2003 SG Special Faded (dots)
    1963 SG Special - cherry
    2000 SG Special - creme
    2016 SG Special T - cherry
    2016 SG Special T - ebony
    2005 SG Special Faded - ebony
    1970 SG Junior - cherry
    2001 SG Standard Korina - natural

    Present:

    2004 SG Classic - ebony
    2006 SG Classic - cherry
    2004 SG Special - TV White
     
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  9. Voxman

    Voxman Moderator Staff Member

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    There are always " Diamonds In The Rough " and that's what one has to keep trying to find. When you find it you buy it and then keep looking for another since it's the nature of GAS! That's how I got my 61'SGLP Special, I noticed/realized the auction was going to end at 3:30 Thanksgiving afternoon so I glued myself to the " puter " as I knew everybody on Ebait would/could/might be partaking in food and drink. My hunch was correct and so was the $1900 w/shipping. You must know that every member of my entire family was screaming and cursing me out to come downstairs, they were really pissed off too, They hollered up for an hour n all I kept saying, "When I'm ready" , after I won it, then I was ready! I then went downstairs and admitted to everybody I was a total A$$hole ….. with a smirk on my face and ear to ear grin.
    That's just an example of one Strategy, there are thousands. I wasn't a hound dog, by any means, as my average was about 3000 to 1 …. nothing to brag about. But the strategy of the strategy was to get through the next 2999 as fast as I could and then grab that 1 " Diamond in the Rough" x126.gif DSCN2468.jpg
     
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  10. Bob Womack

    Bob Womack Well-Known Member

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    The feeling with Gibsons was always that the quality varied greatly from instrument to instrument. However, I've gt a 2016 Gibson SG Standard '61 Reissue Limited Edition (commissioned by Dave's Guitar Shop) and a 2018 Les Paul Standard that was built a month after the bankruptcy. Both are the finest Gibson instruments I've encountered. I own four Gibsons from the years 1974 to 2018 and have owned three more. The fit and finish of the two listed above is the best, bar none, of all of them. Don't know why.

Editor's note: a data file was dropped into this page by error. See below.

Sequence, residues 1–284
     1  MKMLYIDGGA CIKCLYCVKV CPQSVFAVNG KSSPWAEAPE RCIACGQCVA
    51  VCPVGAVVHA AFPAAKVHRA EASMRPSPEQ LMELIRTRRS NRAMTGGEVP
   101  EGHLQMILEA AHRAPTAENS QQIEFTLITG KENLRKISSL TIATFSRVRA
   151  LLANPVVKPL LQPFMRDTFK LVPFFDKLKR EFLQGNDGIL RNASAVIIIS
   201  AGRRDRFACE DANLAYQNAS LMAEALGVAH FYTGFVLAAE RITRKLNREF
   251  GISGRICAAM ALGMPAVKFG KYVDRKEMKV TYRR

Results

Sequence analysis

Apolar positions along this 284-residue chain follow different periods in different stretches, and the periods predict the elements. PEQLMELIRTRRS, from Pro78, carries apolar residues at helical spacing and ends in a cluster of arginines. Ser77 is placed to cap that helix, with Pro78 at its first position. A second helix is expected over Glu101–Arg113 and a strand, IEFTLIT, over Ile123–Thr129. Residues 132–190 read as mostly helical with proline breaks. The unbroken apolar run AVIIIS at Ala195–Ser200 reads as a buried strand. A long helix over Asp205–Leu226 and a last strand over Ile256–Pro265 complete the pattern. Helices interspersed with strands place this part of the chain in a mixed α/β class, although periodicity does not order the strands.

[​IMG]

    Bob
     
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  11. DrBGood

    DrBGood Well-Known Member

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    OK ... but you couldn't know for sure that it wasn't a Charcoal In The Rough ? Could well have been a super nice looking dud.
     
    Last edited: Jan 14, 2020
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  12. Didds

    Didds Well-Known Member

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    My 2015 is the best SG I've ever played. And I play at least one at every guitar shop I visit
     
  13. slowhand

    slowhand New Member

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    So anyone had any issues with the Zamak bridges? Some claim they’re trash? Mine seems very nice.
    Potential issues:
    Warping
    dechroming
    Cracking
    Corroding

    proper Zamak is fine. Cheap Zamak will corrode under the chrome and one day it will fail.
     
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  14. Col Mustard

    Col Mustard Well-Known Member

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    Welcome to ETSG!

    My first suggestion to you is to listen to your own
    guitar, played through your own signal chain...

    The only person whose opinion is important is you.
    Gibson bashers on internet fora are mostly blowing smoke
    and raking doo-doo. Listen to your guitar instead. If it sounds
    good to you, then it is good. That's how you know.

    To me, having read your posts... this humble Gibson SG special that
    you bought sounds like one you should not sell. We see posts all
    the time where guys say: 'Yeah, I used to own one like that, it was